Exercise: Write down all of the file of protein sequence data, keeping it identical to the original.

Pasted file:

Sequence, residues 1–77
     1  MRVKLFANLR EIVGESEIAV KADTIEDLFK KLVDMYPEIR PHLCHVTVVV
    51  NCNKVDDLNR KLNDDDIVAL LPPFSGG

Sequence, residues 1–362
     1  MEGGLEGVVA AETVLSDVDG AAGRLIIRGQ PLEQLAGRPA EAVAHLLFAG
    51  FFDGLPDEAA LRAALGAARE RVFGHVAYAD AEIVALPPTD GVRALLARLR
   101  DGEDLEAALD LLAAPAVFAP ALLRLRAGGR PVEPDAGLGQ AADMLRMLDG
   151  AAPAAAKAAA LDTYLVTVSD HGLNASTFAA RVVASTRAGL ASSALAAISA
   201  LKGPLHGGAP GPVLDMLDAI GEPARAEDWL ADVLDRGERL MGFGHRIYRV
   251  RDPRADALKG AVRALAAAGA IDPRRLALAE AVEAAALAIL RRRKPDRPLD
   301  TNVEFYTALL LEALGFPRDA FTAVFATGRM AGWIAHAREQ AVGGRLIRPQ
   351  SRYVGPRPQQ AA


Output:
Sequence, residues 1–77
     1  MRVKLFANLR EIVGESEIAV KADTIEDLFK KLVDMYPEIR PHLCHVTVVV
    51  NCNKVDDLNR KLNDDDIVAL LPPFSGG

Sequence, residues 1–362
     1  MEGGLEGVVA AETVLSDVDG AAGRLIIRGQ PLEQLAGRPA EAVAHLLFAG
    51  FFDGLPDEAA LRAALGAARE RVFGHVAYAD AEIVALPPTD GVRALLARLR
   101  DGEDLEAALD LLAAPAVFAP ALLRLRAGGR PVEPDAGLGQ AADMLRMLDG
   151  AAPAAAKAAA LDTYLVTVSD HGLNASTFAA RVVASTRAGL ASSALAAISA
   201  LKGPLHGGAP GPVLDMLDAI GEPARAEDWL ADVLDRGERL MGFGHRIYRV
   251  RDPRADALKG AVRALAAAGA IDPRRLALAE AVEAAALAIL RRRKPDRPLD
   301  TNVEFYTALL LEALGFPRDA FTAVFATGRM AGWIAHAREQ AVGGRLIRPQ
   351  SRYVGPRPQQ AA